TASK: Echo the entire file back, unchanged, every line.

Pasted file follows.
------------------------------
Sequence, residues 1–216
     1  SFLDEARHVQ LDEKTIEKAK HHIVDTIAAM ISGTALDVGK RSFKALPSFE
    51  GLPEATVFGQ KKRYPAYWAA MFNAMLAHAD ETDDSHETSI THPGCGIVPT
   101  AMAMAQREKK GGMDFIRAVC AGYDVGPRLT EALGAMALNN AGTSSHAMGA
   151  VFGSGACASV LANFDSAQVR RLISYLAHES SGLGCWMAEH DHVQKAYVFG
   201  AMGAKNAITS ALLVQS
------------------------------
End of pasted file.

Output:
Sequence, residues 1–216
     1  SFLDEARHVQ LDEKTIEKAK HHIVDTIAAM ISGTALDVGK RSFKALPSFE
    51  GLPEATVFGQ KKRYPAYWAA MFNAMLAHAD ETDDSHETSI THPGCGIVPT
   101  AMAMAQREKK GGMDFIRAVC AGYDVGPRLT EALGAMALNN AGTSSHAMGA
   151  VFGSGACASV LANFDSAQVR RLISYLAHES SGLGCWMAEH DHVQKAYVFG
   201  AMGAKNAITS ALLVQS